Clermont is a museum dedicated to the long history of the Livingston family. But the Livingstons aren't gone; many of their descendants can still be found in the Hudson Valley and beyond. In fact, hundreds of descendants have come to our family reunions held every five years or so (photographed at right in the Livingston tartan are some of our Livingston descendant friends).
Like many families, they have been the recipients of treasured family heirlooms: books from Chancellor Livingston's library, silver spoons from their table, or portraits of a great, great uncle. It just so happens that their great, great uncle was Chancellor Livingston.
It's important to remember these pieces in this light when a Livingston family member agrees to donate a Livingston artifact to Clermont. It is not just some beautiful old thing their house, it carries with it their family pride and often childhood memories. Just as I fondly remember opening presents Christmas morning while my grandfather was propped in his red leather arm chair, these Livingston descendants often have close personal ties to the upholstered arm chair that sat in the corner of the living room and they were not allowed to put their feet on.
So when a Livingston family member called to offer us a grouping of nineteenth century parlor furniture in December, we were excited. But we also needed to remember that this furniture held more than just its financial value for its owners and historic value for the museum; it also held all those family memories.
The grouping consisted of two chairs and a sofa, re-upholstered in blue to match one another in the 1960s or '70s, though the furniture itself was not a set. All three had been photographed in Clermont's Drawing Room by Alice Livingston in a set of photos taken in 1928. The furniture was given to the donor's mother by Janet Livingston just before Clermont became a museum in 1965.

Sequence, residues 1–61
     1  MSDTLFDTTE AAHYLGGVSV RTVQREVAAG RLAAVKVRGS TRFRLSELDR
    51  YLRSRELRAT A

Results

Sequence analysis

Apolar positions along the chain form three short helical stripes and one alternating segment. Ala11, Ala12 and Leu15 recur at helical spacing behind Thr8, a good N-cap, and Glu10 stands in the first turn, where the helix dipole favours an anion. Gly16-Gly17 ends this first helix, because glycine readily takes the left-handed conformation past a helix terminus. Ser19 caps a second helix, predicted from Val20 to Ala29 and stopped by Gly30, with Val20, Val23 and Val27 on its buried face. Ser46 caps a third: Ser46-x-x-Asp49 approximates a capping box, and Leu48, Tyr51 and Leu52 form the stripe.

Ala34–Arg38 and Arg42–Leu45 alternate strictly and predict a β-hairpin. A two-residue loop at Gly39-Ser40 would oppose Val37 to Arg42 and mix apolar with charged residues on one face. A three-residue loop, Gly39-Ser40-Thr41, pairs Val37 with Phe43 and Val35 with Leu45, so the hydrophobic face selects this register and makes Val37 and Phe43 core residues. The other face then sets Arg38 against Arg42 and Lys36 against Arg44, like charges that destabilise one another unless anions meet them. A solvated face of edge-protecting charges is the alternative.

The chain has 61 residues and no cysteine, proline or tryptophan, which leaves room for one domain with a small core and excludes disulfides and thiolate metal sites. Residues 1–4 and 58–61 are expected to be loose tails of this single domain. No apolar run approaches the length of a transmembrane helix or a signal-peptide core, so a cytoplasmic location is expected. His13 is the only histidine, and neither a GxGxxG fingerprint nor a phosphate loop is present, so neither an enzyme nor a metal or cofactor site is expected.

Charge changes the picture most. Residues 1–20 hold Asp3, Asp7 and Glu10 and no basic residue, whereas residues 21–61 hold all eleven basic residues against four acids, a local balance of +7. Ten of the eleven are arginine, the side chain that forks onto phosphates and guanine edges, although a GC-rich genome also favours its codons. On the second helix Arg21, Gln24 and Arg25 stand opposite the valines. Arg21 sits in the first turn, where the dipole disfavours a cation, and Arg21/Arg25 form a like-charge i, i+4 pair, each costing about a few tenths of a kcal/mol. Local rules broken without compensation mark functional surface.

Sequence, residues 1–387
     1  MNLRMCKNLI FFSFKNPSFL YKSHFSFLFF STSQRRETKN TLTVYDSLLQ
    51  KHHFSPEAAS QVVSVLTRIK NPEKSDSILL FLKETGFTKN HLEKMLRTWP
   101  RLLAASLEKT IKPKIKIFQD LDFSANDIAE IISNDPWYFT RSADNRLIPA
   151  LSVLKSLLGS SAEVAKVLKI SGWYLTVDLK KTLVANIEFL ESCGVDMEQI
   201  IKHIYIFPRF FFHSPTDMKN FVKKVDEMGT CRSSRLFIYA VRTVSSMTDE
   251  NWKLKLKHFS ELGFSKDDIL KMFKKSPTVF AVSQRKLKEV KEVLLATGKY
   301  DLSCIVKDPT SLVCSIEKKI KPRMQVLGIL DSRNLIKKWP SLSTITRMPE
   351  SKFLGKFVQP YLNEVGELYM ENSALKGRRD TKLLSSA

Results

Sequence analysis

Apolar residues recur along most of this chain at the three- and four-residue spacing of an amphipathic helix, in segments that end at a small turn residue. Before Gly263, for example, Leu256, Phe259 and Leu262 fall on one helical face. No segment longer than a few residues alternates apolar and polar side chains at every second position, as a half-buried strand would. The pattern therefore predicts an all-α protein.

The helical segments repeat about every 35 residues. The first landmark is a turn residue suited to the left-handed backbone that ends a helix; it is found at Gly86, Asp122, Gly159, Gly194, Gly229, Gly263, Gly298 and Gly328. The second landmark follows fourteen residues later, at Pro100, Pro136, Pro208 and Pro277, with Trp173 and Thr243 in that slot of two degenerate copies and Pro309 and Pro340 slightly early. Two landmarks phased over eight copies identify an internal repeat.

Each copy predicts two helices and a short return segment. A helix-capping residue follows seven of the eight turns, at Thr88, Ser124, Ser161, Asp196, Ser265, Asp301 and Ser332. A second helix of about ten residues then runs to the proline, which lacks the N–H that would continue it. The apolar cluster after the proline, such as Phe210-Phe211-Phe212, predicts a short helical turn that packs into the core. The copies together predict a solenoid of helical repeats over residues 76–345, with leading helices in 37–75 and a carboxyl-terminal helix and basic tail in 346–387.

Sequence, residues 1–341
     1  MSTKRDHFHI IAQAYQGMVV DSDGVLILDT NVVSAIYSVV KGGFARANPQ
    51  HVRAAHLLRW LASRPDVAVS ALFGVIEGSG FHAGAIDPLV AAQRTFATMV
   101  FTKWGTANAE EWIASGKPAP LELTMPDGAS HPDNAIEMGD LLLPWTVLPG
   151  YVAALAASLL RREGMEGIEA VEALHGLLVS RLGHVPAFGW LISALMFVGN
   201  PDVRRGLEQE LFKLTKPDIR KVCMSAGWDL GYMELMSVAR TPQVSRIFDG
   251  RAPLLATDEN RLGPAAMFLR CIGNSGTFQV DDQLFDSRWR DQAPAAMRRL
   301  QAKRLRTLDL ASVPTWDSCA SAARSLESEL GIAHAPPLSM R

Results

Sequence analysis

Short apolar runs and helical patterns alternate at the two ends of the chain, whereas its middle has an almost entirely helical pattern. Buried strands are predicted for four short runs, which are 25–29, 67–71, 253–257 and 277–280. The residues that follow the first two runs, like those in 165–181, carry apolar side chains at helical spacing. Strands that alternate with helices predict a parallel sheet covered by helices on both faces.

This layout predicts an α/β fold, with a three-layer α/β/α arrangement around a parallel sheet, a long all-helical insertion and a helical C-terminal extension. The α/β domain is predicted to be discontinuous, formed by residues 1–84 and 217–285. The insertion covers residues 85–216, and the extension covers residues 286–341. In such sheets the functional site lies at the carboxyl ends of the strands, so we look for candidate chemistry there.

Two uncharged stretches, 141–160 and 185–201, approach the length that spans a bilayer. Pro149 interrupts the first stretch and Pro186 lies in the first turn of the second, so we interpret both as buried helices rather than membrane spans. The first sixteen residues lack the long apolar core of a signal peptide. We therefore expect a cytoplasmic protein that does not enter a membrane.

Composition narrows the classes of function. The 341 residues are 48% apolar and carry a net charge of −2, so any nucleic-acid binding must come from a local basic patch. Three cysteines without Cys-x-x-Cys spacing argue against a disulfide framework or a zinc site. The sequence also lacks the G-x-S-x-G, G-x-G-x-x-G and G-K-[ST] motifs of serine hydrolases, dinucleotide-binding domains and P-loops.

To a curator, this is exciting stuff.
The sofa (pictured at left and again below) was a mid-nineteenth century transitional piece, not as bulky or Classical looking as the earlier period, but not as curvacious and ornate as the later Belter or Roccoco Revival styles that dominated American furniture after the Civil War.
The chairs were slightly later--both being simple examples of the Rococo Revival. Although they also did not match, the smaller held the exciting surprise of being a match for the curved-back chair that we currently have in the Drawing Room (photographed at right). To be honest, I'd never seen the 1928 photos, which are stored at our conservation center on Peebles Island, and had no knowledge of this furniture's existence (incidentally, those photographs also show a second floral wallpaper--different from the 1880s image--and heavy drapes on the windows. Hopefully I can get some copies scanned to share with you one of these days).
So when will you see these exciting new acquisitions? We know the sofa and two chairs were in the Drawing Room in 1928. But Alice had a tendancy to rearrange her furniture periodically (don't we all start messing with the house when the winter blues start getting us down?), and the current arrangement of the Drawing Room reflects photographs taken in the mid 1930s and 40s. Which one is correct? Both are. So in order to display the "new" trio of furniture appropriatly, we can't just combine it all but instead will have to do some thinking about which arrangement to go with, which set of pictures to go with, etc. By using the pictures, we know for sure that this is the way that Alice wanted it (not the way that we think looks right,; it's not a museum to us).
But while we are recreating Alice's world, we have to remember to stop and thank the Livingston descendants who parted with it in the first place. What family memories of Christmas morning or afternoons with iced tea or bored children with their feet sticking off the edge did they part with?
I guess there's only so much musing I can do about that, and instead will just have to say a hearty "Thank you!"